We have a very intriguing mix of players here who have the potential to be considered a top option. Each of these players has a strong enough record to be rated as a top 100 prospect despite current flaws that keep them from the top tier. Leon and Lewis (if healthy) should see their first major league action and are solid investments if you want someone up close who won’t cost as much as a premium prospect. Players who have questions about injury, age versus level, or proximity may cause differing views (and opportunities). You may find that some managers take a more conservative approach and are slower to push a few of these young players up. The ability to land one or more of these players before they really spawn makes them very intriguing targets beyond their actual skill set. Once players are in the top 100 on virtually every roster, the same opportunities don’t always present themselves. Developing the skills to identify players with the right mix to become fast risers is essential. Even if they fall short of the growing hype, there is still a window to use their popularity to shake things up in the trading market.

At the crossroads

♦ Garrett Mitchell, DE, MIL (23/AA)
♦ Travis Swaggerty, DE, PIT (24/AAA)
♦ Greg Jones, SS, VG (23/AA)
♦ Kristian Robinson, DE, ARI (21/A)
♦ Hunter Bishop, DE, SF (23/A)
♦ Peyton Burdick, DE, MIA (24/AAA)
♦ Kameron Misner, OF, VG (24/AA)
♦ Brenton Doyle, DE, COL (23/A+)

You will find this group scattered on lists in various places. Each of them offers intrigue but also a certain level of angst. Many of these prospects are older for their competition and find themselves entering a “prove it” season. Whether it’s injury, blockage, or off-field issues, something controls their value. Some of their bestselling tools are more advanced than others. Managers who prefer prospects at higher levels might find attractive options here. A few of them have made an appearance in the top 100 for power/speed, but the hype is minimal compared to top players. In general, handle this group with relative caution when paying for their services. Some legitimate fantasy contributors might emerge from this group, but it’s better to treat them as cheap candidates than to break the bank to acquire them. Every player has concerns that keep them from being valued on every level, but that doesn’t mean they’re lost causes.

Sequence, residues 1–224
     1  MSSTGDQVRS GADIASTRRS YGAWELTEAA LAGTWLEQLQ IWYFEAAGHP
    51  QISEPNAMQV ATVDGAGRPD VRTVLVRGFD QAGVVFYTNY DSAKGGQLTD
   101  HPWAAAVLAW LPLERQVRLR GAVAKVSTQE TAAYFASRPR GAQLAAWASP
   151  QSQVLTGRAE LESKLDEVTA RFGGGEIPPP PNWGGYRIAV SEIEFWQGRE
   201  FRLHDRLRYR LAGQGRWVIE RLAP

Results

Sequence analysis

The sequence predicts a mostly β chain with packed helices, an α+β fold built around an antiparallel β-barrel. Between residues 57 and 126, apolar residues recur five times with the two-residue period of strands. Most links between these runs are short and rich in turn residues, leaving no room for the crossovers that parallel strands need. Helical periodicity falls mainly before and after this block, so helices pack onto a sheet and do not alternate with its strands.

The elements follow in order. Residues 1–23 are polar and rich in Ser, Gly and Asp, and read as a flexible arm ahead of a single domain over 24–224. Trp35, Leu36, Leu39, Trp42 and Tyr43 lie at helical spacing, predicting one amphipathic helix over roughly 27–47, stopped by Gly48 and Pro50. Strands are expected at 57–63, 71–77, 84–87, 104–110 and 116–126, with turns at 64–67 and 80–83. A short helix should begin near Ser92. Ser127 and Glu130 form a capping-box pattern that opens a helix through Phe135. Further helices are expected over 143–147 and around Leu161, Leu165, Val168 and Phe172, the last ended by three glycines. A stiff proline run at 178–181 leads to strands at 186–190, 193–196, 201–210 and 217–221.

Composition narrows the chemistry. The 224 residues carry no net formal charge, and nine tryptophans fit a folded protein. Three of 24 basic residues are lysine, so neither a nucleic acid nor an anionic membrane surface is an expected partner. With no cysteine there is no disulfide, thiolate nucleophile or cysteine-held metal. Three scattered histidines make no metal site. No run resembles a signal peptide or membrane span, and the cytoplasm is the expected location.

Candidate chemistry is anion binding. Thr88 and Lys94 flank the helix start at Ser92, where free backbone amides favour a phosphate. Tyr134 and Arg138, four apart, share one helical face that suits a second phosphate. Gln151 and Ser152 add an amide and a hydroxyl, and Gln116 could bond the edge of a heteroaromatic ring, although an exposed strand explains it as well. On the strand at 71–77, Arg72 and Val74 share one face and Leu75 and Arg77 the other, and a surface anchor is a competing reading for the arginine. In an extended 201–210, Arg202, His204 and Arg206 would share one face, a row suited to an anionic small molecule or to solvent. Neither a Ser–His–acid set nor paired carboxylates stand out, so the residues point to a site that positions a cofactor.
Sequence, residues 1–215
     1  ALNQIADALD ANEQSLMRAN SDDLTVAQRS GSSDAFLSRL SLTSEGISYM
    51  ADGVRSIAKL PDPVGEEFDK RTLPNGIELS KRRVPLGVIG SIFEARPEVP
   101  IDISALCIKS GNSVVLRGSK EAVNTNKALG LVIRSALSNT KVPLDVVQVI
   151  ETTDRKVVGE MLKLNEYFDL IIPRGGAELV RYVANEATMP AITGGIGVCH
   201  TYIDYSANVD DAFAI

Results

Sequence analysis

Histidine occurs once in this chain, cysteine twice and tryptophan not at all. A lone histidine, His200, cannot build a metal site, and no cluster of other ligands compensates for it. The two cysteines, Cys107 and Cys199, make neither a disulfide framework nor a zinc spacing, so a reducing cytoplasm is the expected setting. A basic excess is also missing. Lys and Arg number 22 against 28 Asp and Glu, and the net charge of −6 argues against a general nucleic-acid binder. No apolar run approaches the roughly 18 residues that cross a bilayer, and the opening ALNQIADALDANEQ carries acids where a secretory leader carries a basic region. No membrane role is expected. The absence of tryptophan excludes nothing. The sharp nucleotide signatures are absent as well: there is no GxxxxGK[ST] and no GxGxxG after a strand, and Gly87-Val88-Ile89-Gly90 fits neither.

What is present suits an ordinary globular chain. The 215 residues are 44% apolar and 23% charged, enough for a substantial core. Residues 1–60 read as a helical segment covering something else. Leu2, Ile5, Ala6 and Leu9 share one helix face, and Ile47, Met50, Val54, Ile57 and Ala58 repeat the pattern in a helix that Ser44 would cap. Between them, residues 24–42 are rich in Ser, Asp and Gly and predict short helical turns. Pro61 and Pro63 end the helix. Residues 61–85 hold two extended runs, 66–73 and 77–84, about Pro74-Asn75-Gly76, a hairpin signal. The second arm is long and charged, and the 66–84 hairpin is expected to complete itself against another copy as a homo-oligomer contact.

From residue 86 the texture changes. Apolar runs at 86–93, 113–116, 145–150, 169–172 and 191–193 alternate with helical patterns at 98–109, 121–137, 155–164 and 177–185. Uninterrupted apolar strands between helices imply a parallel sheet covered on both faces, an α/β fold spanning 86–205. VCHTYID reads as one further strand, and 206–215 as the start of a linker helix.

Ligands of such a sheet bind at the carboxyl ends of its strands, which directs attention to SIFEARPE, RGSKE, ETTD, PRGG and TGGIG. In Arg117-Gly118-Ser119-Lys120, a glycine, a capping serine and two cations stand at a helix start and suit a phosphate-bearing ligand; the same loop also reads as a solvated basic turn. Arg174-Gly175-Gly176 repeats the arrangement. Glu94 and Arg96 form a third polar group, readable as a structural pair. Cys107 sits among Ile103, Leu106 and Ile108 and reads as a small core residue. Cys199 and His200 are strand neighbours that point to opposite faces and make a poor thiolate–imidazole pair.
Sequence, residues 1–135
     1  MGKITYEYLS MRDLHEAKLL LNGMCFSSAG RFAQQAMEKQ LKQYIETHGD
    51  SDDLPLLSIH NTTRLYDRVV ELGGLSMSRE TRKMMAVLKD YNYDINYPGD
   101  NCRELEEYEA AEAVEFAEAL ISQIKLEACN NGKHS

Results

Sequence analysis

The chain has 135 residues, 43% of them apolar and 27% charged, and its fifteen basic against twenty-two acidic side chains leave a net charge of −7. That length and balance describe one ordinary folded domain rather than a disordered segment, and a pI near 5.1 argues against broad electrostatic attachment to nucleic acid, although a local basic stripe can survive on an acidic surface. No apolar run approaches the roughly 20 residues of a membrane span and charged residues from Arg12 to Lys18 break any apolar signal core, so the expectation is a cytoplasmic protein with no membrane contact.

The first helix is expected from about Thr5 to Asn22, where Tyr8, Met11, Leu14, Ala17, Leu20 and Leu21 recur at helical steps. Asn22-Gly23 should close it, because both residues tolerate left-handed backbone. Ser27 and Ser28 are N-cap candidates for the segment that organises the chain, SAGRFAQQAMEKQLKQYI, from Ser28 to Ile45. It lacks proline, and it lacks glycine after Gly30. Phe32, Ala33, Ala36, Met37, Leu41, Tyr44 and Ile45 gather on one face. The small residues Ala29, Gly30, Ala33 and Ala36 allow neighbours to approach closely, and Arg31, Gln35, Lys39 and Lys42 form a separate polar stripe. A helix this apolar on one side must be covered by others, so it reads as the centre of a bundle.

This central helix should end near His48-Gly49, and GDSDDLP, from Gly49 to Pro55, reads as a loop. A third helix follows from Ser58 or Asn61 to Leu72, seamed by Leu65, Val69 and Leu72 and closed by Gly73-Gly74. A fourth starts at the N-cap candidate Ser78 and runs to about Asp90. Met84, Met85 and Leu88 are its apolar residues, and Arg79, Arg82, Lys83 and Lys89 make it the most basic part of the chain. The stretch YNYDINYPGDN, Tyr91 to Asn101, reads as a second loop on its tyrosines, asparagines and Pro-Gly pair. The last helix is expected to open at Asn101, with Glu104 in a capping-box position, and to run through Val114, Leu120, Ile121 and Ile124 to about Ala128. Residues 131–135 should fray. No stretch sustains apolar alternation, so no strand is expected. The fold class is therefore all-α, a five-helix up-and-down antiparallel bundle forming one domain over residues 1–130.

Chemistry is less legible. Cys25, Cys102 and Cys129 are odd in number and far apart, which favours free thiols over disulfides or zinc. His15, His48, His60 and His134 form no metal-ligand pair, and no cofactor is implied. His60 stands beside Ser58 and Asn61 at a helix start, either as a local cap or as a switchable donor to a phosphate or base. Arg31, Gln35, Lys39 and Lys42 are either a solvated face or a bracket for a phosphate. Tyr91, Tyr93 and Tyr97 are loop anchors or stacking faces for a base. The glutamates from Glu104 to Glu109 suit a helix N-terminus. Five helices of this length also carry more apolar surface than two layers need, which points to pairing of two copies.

Rookie Bullet Hideouts

♦ Harry Ford, C, WED (18/CPX)
♦ Kevin Alcantara, DE, CHC (19/CPX)
♦ James Wood, DE, SD (19/CPX)
♦ Benny Montgomery, DE, COL (19/CPX)
♦ Pedro Pineda, OF, OAK (18/CPX)
♦ Lonnie White, DE, PIT (19/CPX)

The majority of this tier consists of first-round prep picks from the 2021 MLB Draft. If you’re in rebuilding mode or like to target younger players with an edge, this group is for you. Each player is recognized within the Dynasty community and receives varying levels of praise. It is more difficult to evaluate the success tool in the beginning due to the lack of professional data compared to older prospects. Some have already shown promising signs, but the picture will become clear once they play ball all season. There is an opportunity in this lineup each season to find a player who is considered the full package once we can see a larger sample. Some of these players will die out on their way to the top, but you may also find the next “must have” prospect lingering here. Proximity to Majors is a factor that should be considered when evaluating players, but it’s not the most crucial aspect. Many people may not have the patience to wait for these players to grow and contribute to fantasy rosters. But that doesn’t mean they aren’t wise investments, whatever your preferred style. There will always be a healthy commercial market for the next generation of power/speed threats.